While his experience was extreme, De Biasi called bird strikes "very common" and said their unpredictable nature makes them more dangerous than ice.
"Birds, well, it depends on your skill and your luck, because you don't even know when you'll be hit," he said.
But bird strikes are of particular concern around New York, where a congested flight path overlaps with the birds' Atlantic flyway.
"There were many birds," Sullenberger told members of the National Transportation Safety Board who gathered last week to hear more about his Jan. 15 emergency landing. "They were very large, and they filled the entire windscreen."
Sullenberger also said warnings pilots get about birds aren't always helpful.
"In my experience, the warnings we get are general in nature and not specific and therefore have limited usefulness," he testified.
After Sullenberger's splash landing in January, people pressed to know how often planes hit birds. At first the Federal Aviation Administration said the information was classified, but later changed its mind, making its database public in late April.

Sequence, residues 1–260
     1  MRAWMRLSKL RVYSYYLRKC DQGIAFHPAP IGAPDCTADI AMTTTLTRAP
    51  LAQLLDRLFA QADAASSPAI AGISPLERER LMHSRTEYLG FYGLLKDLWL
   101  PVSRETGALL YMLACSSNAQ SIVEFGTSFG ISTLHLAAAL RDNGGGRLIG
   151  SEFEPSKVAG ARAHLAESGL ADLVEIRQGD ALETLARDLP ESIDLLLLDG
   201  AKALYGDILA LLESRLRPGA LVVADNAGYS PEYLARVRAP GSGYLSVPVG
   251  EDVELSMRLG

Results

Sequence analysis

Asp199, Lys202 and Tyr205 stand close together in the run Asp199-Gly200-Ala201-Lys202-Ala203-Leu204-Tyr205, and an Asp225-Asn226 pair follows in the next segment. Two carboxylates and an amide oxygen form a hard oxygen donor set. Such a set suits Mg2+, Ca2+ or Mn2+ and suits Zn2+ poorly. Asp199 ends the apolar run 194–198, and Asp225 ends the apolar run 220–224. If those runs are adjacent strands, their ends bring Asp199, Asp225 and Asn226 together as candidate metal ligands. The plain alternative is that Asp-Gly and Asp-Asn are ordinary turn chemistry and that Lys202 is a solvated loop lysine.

The information released included reports of fewer than 3,000 bird strikes per year for the first several years of reporting from 1990 through 1994. The numbers increase from there, hitting a peak of 9,650 bird strikes in 2007. In total, FAA data indicates there have been more than 73,000 bird strikes in the United States in the past eight years.
Sullenberger's heroic tale may have brought more attention to the issue, but it was actually a "very, very close call" on an airplane in 2003 that prompted New York City to take action, Begier said.
That's when officials started using various tactics to remove geese from the region, such as oiling Canada goose eggs to prevent more geese from hatching and using noisemakers, fireworks and even falcons to scare them away.
"Birds are a hazard," De Biasi said Monday.
"I think every airport should have bird hazard protection plans," he added.
ABC News' Ki Mae Heussner and Sarah Netter contributed to this report.